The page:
For many Juneau couples going through or on the brink of a divorce, their family home is one of their most valuable financial assets. More than that, each spouse might have strong emotional and other attachments to the family home.
If a couple has children, the children too may see their house as a source of stability and support particularly in the middle of what could be a very difficult time.
Under Alaska law, courts will usually treat the family home as martial property. As such, it gets thrown into the mix of the couple’s other property and debts which the court will then value and divide in a way that is fair.
What “fair” is depends on a number of legal factors. A fair division need not be 50-50, but many judges will consider an even split a good starting point.
Consider the bottom line
Whether to seek the family home as part of his or her share of the marital property really depends on a person’s circumstances. He or she should discuss all options with his or her family law attorney, and perhaps should seek out financial advice as well.
Still, there are some general considerations.
Can I afford it?
Maintaining a home is expensive. If there is a mortgage, then the court may by default assume the person in the home will refinance and the continue to pay that mortgage. The divorced spouse staying in the home may also be expected to pay any applicable real estate taxes.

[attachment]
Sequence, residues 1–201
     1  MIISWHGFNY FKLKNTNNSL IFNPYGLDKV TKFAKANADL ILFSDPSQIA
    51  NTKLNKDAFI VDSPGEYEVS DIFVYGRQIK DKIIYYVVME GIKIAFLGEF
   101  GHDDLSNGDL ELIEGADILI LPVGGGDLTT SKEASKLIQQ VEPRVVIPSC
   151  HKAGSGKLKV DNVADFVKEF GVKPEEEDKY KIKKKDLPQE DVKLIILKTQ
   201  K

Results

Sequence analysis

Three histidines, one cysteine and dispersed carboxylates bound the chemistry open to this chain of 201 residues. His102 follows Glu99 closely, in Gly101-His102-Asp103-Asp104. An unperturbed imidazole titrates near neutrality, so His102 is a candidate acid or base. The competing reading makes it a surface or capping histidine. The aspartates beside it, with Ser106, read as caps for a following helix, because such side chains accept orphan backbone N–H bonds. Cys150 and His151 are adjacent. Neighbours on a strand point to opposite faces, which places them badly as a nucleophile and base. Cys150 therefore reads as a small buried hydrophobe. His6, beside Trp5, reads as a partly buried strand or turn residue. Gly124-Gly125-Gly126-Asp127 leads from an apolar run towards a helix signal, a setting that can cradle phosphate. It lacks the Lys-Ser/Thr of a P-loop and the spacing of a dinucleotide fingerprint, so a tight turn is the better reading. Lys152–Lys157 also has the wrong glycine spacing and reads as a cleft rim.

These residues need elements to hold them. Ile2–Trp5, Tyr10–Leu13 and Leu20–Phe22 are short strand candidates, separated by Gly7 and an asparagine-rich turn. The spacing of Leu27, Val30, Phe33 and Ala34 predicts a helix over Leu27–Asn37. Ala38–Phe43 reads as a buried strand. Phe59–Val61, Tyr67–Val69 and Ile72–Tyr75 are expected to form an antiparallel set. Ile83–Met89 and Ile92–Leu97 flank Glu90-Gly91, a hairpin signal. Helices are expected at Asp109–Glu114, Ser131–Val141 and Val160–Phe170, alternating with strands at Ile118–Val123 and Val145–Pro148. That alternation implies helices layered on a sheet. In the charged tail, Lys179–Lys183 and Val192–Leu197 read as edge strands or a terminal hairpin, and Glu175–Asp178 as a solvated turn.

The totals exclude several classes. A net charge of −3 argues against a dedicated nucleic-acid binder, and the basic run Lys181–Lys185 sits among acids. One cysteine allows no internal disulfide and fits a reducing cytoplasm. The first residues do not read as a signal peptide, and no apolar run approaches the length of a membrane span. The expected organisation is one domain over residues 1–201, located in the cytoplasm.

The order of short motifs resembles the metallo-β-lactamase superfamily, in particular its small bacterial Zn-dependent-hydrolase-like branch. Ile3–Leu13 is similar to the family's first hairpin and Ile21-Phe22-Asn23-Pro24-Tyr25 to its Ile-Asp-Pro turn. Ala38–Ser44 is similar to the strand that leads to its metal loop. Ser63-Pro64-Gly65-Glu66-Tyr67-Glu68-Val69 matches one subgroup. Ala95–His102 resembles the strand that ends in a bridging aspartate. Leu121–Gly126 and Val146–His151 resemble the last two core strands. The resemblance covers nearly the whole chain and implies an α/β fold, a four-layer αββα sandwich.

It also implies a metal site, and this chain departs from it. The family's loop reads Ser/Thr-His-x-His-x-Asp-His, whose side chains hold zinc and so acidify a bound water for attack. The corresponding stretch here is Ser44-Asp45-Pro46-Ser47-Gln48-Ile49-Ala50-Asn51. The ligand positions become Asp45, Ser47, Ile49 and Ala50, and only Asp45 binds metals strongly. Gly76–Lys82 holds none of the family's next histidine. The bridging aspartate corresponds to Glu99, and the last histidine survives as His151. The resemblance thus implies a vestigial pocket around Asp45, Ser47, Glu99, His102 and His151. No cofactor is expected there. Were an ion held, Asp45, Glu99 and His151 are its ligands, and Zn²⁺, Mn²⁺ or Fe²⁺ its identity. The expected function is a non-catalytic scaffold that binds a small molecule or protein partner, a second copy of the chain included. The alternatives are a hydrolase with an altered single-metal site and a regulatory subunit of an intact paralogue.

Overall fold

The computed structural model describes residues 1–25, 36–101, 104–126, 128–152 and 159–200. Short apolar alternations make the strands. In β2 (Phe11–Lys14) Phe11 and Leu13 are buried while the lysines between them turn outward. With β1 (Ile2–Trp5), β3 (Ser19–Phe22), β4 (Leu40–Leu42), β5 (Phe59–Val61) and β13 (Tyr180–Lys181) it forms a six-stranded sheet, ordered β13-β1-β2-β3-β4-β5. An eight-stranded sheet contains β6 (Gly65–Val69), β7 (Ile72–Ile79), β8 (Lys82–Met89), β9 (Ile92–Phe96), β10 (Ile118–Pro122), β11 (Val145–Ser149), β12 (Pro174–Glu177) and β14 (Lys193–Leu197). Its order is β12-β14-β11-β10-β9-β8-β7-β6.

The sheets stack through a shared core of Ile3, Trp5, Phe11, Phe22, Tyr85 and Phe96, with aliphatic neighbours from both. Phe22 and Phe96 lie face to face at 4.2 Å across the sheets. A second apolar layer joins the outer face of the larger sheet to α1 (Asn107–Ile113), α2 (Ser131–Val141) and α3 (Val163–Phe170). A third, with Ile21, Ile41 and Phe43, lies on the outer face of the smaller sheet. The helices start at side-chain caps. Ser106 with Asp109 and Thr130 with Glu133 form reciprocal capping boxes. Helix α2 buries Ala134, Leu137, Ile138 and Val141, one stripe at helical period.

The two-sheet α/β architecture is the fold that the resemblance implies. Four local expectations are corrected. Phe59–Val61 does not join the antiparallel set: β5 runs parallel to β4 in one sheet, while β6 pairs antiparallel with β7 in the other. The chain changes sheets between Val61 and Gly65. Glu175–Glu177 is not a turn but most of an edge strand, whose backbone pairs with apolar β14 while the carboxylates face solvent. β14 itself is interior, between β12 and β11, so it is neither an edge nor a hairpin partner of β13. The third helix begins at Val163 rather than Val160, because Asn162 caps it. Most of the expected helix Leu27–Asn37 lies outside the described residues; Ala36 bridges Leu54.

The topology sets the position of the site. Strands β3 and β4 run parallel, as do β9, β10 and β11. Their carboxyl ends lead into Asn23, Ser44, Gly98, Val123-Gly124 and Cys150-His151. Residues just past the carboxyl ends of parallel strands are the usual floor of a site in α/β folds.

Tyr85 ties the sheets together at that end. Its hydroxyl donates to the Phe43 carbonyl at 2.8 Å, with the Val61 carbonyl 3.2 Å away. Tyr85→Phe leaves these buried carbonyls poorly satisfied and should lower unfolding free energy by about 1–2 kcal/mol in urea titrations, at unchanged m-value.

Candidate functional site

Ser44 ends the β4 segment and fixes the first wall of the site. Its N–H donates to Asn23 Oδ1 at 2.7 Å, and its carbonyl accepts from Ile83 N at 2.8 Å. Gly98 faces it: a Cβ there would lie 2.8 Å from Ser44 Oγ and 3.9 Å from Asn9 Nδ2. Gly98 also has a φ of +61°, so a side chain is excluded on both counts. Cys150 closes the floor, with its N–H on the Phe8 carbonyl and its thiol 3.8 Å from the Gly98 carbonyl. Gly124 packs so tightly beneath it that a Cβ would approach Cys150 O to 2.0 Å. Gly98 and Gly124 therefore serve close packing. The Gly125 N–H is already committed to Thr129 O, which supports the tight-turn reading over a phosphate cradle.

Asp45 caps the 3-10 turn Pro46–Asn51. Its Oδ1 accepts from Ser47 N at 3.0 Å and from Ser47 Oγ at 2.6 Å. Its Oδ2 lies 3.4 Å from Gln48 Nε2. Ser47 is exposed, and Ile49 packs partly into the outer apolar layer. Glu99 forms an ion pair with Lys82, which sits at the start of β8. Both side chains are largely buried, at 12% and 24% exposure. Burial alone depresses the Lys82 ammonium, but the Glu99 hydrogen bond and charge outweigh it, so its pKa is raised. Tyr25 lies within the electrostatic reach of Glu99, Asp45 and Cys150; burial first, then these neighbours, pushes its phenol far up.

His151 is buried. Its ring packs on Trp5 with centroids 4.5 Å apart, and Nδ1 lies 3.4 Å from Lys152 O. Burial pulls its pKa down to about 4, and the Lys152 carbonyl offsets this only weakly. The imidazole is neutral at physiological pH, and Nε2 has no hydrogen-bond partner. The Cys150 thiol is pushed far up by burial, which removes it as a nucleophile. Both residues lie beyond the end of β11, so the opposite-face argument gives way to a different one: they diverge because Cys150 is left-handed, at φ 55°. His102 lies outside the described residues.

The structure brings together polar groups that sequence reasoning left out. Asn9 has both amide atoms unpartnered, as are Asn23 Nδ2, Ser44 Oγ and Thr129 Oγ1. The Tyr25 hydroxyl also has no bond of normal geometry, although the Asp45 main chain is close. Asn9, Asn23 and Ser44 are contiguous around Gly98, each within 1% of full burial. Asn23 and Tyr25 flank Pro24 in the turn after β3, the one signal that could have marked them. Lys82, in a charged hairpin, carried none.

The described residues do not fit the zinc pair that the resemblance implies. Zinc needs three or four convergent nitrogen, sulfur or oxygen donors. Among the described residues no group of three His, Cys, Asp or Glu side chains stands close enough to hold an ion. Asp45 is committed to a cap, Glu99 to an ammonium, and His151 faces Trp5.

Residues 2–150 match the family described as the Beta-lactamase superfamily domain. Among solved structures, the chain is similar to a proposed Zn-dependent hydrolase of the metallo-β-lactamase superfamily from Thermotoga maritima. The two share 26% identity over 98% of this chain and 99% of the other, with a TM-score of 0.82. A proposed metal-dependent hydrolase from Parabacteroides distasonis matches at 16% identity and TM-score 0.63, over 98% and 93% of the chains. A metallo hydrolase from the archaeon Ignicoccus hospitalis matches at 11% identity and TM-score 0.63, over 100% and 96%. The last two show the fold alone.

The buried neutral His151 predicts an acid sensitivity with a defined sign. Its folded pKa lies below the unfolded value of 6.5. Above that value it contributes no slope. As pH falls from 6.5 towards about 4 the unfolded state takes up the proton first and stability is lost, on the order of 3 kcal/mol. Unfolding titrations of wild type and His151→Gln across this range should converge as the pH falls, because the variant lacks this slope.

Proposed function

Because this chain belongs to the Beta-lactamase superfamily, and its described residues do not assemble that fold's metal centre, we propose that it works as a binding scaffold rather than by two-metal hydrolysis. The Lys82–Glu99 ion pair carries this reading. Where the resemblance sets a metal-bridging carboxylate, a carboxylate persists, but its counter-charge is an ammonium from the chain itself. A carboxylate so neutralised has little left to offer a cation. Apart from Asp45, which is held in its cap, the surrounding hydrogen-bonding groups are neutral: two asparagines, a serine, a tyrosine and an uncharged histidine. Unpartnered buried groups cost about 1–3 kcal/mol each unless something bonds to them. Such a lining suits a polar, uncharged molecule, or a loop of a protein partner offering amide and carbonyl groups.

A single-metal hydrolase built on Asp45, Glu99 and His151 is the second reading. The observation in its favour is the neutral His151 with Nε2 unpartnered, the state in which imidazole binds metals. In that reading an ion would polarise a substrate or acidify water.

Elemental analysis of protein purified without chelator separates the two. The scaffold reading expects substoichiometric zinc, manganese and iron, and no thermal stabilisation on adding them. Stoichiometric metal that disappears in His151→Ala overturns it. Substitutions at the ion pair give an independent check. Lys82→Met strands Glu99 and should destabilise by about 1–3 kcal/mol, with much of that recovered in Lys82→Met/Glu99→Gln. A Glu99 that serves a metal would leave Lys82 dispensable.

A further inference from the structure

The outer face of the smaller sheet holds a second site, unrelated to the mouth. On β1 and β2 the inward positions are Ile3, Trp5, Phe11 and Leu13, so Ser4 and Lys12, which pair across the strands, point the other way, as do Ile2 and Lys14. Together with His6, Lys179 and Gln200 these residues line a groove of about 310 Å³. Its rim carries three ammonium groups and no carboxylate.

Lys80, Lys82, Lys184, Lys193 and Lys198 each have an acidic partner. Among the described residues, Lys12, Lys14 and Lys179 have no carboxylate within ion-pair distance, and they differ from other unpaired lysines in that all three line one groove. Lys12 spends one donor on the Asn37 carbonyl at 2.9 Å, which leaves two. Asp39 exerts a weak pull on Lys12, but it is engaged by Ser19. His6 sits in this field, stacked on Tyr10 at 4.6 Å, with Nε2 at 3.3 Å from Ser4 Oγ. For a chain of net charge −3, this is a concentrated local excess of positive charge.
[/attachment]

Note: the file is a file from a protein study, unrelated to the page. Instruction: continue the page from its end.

Houses also require periodic maintenance which, from time to time, can get expensive. A home will for example need repairs to a heating system and its roof periodically.
Moreover, no matter how the details work out, a person will leave a divorce with one fewer person bringing in income to help finance a home. The person will also have much of their wealth effectively erased since his or her spouse will be entitled to a fair share of the marital property.
Keeping a home that is now outside of a person’s budget is not advisable.
How does keeping the home affect my legal position?
On a related note, a person who is going to keep the home is going to have to trade some other benefit to do so.
If the home has equity, for example, it will mean the spouse will provide have to surrender other valuable property, such as his or her right to a share in the other spouse’s retirement plan.
Before asking for it, a person should think long and hard whether, in the long run, it would be better to ask for other property or to suggest that perhaps the family home be sold and the couple split the proceeds.
On a related point, a person should also calculate the emotional and financial cost of engaging in a legal fight over the home.